New MINI Electric Convertible 2023 review

An all-new MINI Cooper is on the way, but first the existing all-electric model gets a welcome open-top version

Overall Auto Express Rating

3.0 out of 5

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It's hard to recommend the MINI Electric Convertible – and not just because of the usual compromises that come with a drop-top. It very much feels like a sign-off for the existing car, instead of the start of a bold new era. Anyone after a MINI EV would be better served by waiting for the fresh generation. And anyone who’s happy to settle for a relatively old-school experience will need to stomach a hefty price tag. 

It’s the new electric MINI Convertible! Well, sort of. Because despite being the first time MINI has paired an EV powertrain with an open-top body, this isn’t based on the all-new electric Cooper we’ll be seeing in a few months time, but a closing-stages special of the existing MINI Electric you can buy today. 

With a strict 999-unit build run, 150 of which will be coming to the UK, the MINI Electric Convertible will be something of a niche for now, and at £52,500, it would likely have stayed that way had it been put into full series production. So this MINI Electric Convertible is more of an amuse bouche to the world of open-top MINI EV motoring.

Under the skin, the MINI Electric Convertible features the same basic powertrain as found in the hard-top, with a 181bhp electric motor powering the front wheels. Performance is spritely, rather than sporty, with 62mph reached in 8.2 seconds; that’s nearly a second down on the standard hatchback, due to a hefty 1,470kg weight figure. The extra weight comes through combining the electric powertrain with the added strengthening required of the Convertible body shape. However, as is the case with the electric hatch, the 269Nm of torque delivered by its e-motor is available from a standstill, so the car feels quicker on the road than the numbers suggest. 

Despite the frankly huge weight figure, the MINI Electric still does drive well, with limited roll in the corners and a tenacious amount of front-end grip underpinned by solid, if relatively uncommunicative steering feel. The fact there’s no roof around is felt, though, with a certain amount of shake coming through the steering rack and the relatively stiff passive damper set-up.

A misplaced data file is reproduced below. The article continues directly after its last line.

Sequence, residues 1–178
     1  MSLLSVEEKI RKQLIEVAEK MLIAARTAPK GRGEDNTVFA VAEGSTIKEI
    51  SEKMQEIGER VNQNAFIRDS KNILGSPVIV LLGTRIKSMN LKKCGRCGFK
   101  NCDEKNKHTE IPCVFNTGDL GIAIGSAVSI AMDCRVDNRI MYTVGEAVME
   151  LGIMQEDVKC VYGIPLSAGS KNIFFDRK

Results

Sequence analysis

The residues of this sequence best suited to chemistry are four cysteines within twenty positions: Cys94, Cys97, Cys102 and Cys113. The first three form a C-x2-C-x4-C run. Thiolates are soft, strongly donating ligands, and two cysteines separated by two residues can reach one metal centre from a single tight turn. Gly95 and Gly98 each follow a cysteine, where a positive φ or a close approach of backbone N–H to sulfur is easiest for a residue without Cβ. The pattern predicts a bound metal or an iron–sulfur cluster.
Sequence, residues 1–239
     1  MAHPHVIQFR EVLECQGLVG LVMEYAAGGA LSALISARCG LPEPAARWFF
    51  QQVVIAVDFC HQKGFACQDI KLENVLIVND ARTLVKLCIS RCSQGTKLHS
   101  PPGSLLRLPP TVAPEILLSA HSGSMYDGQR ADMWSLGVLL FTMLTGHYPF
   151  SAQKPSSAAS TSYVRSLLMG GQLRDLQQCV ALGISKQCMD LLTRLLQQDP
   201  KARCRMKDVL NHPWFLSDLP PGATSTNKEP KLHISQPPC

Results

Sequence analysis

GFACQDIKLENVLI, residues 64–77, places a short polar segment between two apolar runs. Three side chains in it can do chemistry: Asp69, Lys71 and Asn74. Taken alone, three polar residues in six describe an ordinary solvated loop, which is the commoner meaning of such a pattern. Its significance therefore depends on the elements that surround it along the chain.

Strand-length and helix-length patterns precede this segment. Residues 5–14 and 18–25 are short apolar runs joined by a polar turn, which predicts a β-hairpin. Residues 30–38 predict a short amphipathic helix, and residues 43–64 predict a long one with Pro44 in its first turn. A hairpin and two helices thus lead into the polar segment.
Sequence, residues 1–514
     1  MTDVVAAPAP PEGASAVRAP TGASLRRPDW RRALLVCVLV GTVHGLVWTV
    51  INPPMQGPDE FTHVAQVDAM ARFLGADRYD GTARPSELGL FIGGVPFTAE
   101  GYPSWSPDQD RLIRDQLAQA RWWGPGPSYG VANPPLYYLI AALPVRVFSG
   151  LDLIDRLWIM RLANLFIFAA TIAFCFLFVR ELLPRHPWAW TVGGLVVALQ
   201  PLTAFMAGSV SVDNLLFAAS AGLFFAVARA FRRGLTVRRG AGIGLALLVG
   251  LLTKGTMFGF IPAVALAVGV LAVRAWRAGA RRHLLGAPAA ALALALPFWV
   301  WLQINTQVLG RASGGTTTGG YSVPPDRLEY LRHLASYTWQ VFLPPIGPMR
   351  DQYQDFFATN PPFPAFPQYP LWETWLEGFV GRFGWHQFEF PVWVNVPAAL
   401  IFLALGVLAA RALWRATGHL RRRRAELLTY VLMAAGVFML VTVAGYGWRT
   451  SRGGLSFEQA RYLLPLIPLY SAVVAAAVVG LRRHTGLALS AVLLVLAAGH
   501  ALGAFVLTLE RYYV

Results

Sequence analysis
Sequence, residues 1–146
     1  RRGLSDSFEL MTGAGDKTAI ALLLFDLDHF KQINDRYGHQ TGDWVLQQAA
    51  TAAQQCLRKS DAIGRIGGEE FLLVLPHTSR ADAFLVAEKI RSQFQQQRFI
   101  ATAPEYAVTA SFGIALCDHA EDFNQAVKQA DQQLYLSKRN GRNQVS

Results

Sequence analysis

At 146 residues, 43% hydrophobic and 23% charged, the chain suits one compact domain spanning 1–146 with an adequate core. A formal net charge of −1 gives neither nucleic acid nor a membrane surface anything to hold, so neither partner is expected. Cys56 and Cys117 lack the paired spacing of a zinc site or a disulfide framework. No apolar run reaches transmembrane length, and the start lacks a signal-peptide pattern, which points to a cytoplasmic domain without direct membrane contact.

Something worth noting is the fact the Convertible, like the hatch, has been retrofitted to accept its electric powertrain from the original combustion engine, and due to packaging constraints, the battery is a relatively small 28.9kWh (usable). This limits the MINI’s estimated WLTP range to just 124 miles, around 15 miles less than the hatchback. It’s not really backed up with high charging speeds, either, peaking at 50kW on a DC charger; that means around 30 minutes to charge the tiny battery from 10 to 80 per cent. This arguably confines the car to town driving, unless you don’t mind stopping to charge every hundred miles or so on a long motorway journey. 

And it’s here where the MINI Electric Convertible really stretches its rationality, as a £50k-plus price point makes it an expensive runaround. To make matters worse, the overall design and its interior tech are right at the end of their life, so while the BMW-derived tech and basic build quality are good, the world has already moved on to sleeker and more reductionist themes – a fashion consideration, perhaps, but one that will no doubt matter to buyers of this sort of car. 

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Yet in context of its relative rarity, and the sort of people likely to buy it, the MINI Electric convertible might make a compelling offering. As a fashion accessory, an open-topped EV might just be the perfect city runaround. It’s compact and easy to drive, and the notion of near-silent cabrio motoring makes for an interesting niche we know others will soon occupy. 

It would have been nice to see MINI lean into this captive market with more eccentric colour and trim options. Because what the MINI brand has done is establish one very desirable quality: total and utter classlessness, meaning that even with something as compromised as the MINI Electric Convertible, some buyers will love it anyway.

Model: MINI Electric Convertible
Price: £52,500
Powertrain: 1x e-motor, 28.9kWh battery
Power/torque: 181bhp/269Nm
Transmission: Single-speed automatic, front-wheel drive
0-62mph: 8.2 seconds
Top speed: 93mph
Range: 124 miles
Charging: 50kW (10-80% in 30min)
On sale: Now
Senior staff writer

Senior staff writer at Auto Express, Jordan joined the team after six years at evo magazine where he specialised in news and reviews of cars at the high performance end of the car market. 

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